2

The good news is that it almost doesn't matter which path you take; you've got sufficient drive and determination, and from your observations about yourself, skill.

You're clearly interested in getting out there and working, which is great. Just remember that the work will always be there (for decades and decades to come), and that your time at school will be finite; try to enjoy it. :)

To that end, I believe Option 2 is a really good option for you, and is the least risky option. TA-ships are fantastic, and if you can score one while being in school, it really helps cut down on financial pressure. Additionally, you're giving yourself time to really develop your own stats knowledge which will help you in either corporate or research environments. Even if your stats department isn't that great, your research is what you make of it; plenty of awesome people have graduated from non-elite universities and have since done amazing things, and it's not unusual to seek a little guidance or insight from people outside your department. Besides, if you're as talented as you sound, being a shining star in a department has its advantages. ;)

Getting to your Question 1, if you finish your Bachelor's while taking extra stats coursework, and then enter the workforce, that's fine, but it then becomes harder to reenter grad school due to various other real-life factors such as having to fully support yourself, possibly getting married (and/or having a kid) which may bind you to some location, and so forth.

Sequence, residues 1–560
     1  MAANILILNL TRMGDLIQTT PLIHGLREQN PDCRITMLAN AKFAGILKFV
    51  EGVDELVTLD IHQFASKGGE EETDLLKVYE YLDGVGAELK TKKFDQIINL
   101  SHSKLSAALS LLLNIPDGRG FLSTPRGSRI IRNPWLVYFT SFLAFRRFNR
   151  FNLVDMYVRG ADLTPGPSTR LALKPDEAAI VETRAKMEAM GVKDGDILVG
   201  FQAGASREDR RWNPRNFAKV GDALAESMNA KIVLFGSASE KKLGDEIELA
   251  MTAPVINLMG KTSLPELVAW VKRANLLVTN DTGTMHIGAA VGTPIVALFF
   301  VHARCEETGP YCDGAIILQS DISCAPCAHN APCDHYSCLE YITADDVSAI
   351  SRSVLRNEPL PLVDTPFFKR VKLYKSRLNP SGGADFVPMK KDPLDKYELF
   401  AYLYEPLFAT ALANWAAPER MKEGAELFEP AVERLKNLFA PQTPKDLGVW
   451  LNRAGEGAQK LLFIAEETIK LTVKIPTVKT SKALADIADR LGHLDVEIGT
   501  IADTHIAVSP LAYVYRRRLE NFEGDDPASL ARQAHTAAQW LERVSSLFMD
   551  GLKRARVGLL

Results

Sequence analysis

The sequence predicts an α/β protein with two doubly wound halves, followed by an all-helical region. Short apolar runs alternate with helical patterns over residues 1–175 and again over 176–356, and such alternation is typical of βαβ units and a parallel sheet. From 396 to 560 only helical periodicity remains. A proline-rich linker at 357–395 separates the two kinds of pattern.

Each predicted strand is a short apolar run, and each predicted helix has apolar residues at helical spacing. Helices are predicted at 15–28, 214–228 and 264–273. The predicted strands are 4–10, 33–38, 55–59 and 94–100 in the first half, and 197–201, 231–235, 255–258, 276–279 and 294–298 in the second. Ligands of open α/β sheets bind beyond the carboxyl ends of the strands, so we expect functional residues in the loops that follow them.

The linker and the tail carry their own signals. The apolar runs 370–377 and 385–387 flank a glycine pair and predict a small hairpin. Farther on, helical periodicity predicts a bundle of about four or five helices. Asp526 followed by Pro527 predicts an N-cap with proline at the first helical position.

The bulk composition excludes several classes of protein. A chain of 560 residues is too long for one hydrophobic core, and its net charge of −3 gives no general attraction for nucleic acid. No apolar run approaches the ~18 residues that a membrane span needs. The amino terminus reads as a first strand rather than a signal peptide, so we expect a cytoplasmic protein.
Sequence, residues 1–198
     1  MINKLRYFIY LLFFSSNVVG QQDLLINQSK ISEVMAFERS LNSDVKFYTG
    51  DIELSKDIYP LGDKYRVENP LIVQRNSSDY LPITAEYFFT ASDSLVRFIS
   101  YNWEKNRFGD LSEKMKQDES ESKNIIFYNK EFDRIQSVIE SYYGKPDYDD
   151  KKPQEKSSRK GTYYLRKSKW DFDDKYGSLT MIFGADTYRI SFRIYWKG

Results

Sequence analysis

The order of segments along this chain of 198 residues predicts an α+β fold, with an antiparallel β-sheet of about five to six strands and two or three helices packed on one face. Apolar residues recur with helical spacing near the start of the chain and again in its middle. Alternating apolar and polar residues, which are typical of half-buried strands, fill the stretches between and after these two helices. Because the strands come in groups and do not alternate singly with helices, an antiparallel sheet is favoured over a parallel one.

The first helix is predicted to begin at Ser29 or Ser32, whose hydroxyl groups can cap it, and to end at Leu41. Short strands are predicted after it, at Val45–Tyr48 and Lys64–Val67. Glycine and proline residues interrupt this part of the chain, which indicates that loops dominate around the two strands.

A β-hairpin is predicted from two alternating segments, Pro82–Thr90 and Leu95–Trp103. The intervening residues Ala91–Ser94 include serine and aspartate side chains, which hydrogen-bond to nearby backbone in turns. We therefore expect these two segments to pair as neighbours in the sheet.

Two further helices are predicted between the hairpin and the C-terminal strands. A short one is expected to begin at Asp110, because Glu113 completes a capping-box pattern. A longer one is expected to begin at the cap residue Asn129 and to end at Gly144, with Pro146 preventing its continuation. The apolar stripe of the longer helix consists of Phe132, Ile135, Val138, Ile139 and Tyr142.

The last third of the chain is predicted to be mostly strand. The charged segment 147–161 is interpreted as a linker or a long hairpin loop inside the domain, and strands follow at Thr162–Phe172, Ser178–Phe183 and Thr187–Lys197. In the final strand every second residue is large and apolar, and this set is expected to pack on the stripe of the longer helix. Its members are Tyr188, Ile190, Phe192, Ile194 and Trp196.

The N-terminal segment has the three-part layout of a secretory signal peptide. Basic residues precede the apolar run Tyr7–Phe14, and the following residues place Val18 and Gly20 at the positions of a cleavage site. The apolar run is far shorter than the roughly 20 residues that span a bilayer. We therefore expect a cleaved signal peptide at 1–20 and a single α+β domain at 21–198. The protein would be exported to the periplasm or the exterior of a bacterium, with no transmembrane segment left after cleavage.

Also, maybe your prospective job after Bachelor's will pay for your education, but going to school under those circumstances takes a bit longer, and it also means the school will have to be close to your job (unless it's an online program or whatever). It's just too easy for complications to creep in once you step foot out of school.

  • Thanks so much for the answer! I just realized that I wasn't clear, my question one was about taking the coursework masters to learn stats rather than undergrad courses. But that aside I think your answer has given me some good perspective! – mb7744 Jan 30 '15 at 19:16
  • @mb7744 You're welcome! I'm a mathematician, but not a statistician, so this opinion should be taken with a little salt, but I believe that the Master's coursework (and possibly thesis) will firmly give you the research option you mentioned; keeping only to Bachelor's coursework would give you less of an inroad for that option. – Ken Jan 30 '15 at 19:34
  • What if I were to use the Master's coursework from my current school as a basis to apply for better master's programs with more stringent requirements? Is that completely unheard of? – mb7744 Feb 1 '15 at 17:43
  • I know that sounds misguided, but frankly MSc Stats programs differ massively in focus and style. My current school has about 9 graduate level stats courses, 4 of which are cross listed as undergrad. Other schools I see have massive variety of options, and neat things like co-op at the master's level, courses in consulting, courses in working with massive data sets, etc. – mb7744 Feb 1 '15 at 17:50
  • @mb7744 You can absolutely do that! The only risk you take is being accepted into your favored school's program (and/or getting a TA-ship), but master's coursework from your current school would go a long way to demonstrate your skill and determination, so you'll likely get in where you want to go. – Ken Feb 1 '15 at 19:25